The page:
Crestone, a 300-person IT systems integration company in Alpharetta, Ga., said difficulty in working with Siebel helped to justify the move to PeopleSoft. After three years of using Siebel's software, the company expects to switch to the new PeopleSoft system in November."They nickel-and-dimed us for all types of things," said Sean McCormack, Crestone vice president of operations. "They charged us separately for development tools, for instance. Every time we turned around there was something like that."
JD Edwards, another Siebel competitor, said recently that Fidelity Investments purchased a set of its business applications that will replace Siebel's software. But both Fidelity and Siebel denied that claim. Instead, both companies said Fidelity chose JD Edwards' CRM applications for a project in its employer services division. As many as 7,000 call-center agents in its retail division--a separate business unit--will continue to use Siebel.Siebel defended its retention record and countered that it replaced a PeopleSoft CRM project at Gateway last year.
"The reality is we have 3,500 customers. We had 400 new orders for software and added 200 new customers in the second quarter alone," said Siebel's David Schmaier. He also said there was absolutely no data that indicated a customer-defection problem.
Frayed nerves It may be early to claim Siebel is losing customers. After all, Siebel products aren't exactly disposable; they typically costs millions of dollars to license and install, and can take more than a year to get up and running.
Yet customer-defection claims and the Nucleus report hit a nerve with Siebel, which boasts a customer satisfaction rating of up to 98 percent. The company issued a press release Thursday, vaunting "the highest levels of customer satisfaction in the information technology industry."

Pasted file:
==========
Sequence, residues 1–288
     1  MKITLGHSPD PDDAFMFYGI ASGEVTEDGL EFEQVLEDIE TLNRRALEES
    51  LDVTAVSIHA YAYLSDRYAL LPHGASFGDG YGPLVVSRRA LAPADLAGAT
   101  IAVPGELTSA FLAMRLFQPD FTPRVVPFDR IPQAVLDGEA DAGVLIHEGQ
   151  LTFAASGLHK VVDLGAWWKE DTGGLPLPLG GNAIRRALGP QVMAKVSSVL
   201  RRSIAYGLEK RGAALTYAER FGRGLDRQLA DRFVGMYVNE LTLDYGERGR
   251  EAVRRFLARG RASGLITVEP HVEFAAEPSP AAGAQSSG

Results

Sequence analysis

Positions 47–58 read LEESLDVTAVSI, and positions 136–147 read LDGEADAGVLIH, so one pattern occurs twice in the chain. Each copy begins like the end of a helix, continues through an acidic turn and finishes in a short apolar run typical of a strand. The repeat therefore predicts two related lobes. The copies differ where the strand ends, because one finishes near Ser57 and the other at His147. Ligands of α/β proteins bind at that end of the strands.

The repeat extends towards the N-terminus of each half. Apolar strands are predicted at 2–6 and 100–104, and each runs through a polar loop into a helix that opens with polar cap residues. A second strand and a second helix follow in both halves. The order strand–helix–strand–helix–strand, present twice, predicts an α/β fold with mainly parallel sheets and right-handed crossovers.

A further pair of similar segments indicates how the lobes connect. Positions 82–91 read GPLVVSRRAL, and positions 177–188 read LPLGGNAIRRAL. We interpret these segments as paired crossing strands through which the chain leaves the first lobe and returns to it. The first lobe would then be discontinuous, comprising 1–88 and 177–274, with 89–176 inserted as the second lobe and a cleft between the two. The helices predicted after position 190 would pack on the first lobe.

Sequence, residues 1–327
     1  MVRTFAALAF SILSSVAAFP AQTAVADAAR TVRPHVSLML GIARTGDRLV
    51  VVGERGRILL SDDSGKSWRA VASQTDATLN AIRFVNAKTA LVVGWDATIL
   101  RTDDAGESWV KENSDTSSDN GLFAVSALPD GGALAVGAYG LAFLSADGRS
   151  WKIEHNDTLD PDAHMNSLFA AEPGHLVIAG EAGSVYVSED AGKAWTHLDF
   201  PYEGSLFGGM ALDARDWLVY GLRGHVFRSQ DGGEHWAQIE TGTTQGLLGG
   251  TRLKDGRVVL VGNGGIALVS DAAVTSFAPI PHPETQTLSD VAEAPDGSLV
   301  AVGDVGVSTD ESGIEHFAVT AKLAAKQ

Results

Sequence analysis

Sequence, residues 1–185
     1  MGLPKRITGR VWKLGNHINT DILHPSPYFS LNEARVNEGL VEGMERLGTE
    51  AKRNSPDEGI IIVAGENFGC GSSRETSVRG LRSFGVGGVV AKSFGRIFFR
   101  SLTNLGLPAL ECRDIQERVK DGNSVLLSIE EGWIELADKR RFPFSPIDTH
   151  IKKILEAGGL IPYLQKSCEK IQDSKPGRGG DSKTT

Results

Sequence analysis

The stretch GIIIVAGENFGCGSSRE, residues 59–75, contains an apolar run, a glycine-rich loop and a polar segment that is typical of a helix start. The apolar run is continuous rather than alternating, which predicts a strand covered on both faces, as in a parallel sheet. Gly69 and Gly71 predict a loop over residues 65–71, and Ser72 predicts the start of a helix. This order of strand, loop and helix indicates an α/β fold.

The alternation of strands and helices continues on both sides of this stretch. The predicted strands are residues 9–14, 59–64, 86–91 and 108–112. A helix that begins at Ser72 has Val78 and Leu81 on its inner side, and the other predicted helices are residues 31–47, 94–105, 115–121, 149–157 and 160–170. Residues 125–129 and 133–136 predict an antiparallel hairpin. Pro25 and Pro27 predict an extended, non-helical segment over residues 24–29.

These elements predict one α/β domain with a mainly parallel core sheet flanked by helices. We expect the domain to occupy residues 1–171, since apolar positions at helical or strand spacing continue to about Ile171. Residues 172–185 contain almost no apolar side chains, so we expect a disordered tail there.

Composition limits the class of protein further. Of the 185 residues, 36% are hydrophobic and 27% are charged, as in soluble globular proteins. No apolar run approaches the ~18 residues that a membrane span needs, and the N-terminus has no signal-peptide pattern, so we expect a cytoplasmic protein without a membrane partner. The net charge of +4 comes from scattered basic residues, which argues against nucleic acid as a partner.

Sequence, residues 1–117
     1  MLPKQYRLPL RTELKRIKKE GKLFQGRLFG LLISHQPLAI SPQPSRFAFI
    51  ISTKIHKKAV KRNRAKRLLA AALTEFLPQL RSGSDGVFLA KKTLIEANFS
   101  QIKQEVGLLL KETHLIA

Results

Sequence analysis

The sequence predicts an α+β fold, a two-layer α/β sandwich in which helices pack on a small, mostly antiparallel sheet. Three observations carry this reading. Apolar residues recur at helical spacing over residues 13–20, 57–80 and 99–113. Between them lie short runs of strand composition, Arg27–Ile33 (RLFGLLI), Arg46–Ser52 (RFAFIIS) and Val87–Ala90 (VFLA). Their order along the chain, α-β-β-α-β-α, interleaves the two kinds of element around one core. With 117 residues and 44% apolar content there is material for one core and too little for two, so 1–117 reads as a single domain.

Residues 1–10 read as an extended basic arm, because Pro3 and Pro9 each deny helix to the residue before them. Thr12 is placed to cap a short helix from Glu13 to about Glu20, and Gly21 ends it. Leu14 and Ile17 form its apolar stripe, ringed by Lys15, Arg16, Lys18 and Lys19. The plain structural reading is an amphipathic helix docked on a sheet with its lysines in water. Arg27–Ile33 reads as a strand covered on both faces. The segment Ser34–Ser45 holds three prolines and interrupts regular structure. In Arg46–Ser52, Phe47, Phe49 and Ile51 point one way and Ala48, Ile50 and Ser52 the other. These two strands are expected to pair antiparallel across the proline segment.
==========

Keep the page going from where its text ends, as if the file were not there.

"We're starting to see some cracks in the armor of a company with much vaunted and highly suspicious customer satisfaction rating," said Greenbaum. "They have only themselves to blame if they start getting shot out of the water on this issue. They set the expectation that they have a 98 percent approval rating."
Siebel's customer satisfaction statistics come from an outside auditing firm called Satmetrix, which was hired to survey customers on a quarterly basis. Siebel holds an equity stake in the firm.
Nucleus surveyed just a fraction of Siebel's more than 3,500 customers, but all those it contacted were featured as success stories on Siebel's Web site, said Rebecca Wettemann, vice president of research at Nucleus.
"If their success stories are having a difficult experience, what does that tell you about the broader population of Siebel customers?" she asked.
Though much of the research Nucleus conducts is commissioned by companies in high-tech and other major industries, the company said no one underwrote the Siebel study, which is free by request through the company's Web site.
Siebel representatives accused Nucleus of publishing the study to gain publicity. However, Siebel did pull down the customer section of its Web site the day Nucleus published its report. The company said it is calling the customers listed on the site to reaffirm their stance, a representative said.
Doubts about Siebel are weighing on the stock, which closed at $6.49 Thursday, just pennies above its 52-week low. The shares have traded as high as $38.38 in the past year.Criticism that CRM software has not lived up to the hype has been available for some time. So why are Siebel investors growing pessimistic now?
For one thing, the love affair between Siebel and Wall Street has taken a while to cool after a heady beginning. Siebel skyrocketed to the top of the CRM market to become one of the fastest-growing software companies in history. After just seven years in business, the company surpassed the impressive $1 billion revenue mark, growing 121 percent in 2000.
Additionally, the investment community was wooed for too long by "the sheer force of the personality of," the company's charismatic chief executive, said Pat Walravens, an analyst at JMP Securities.
"It's taken a long time for the customer war stories to catch up with the stock," Walravens said. "I think it's finally happening."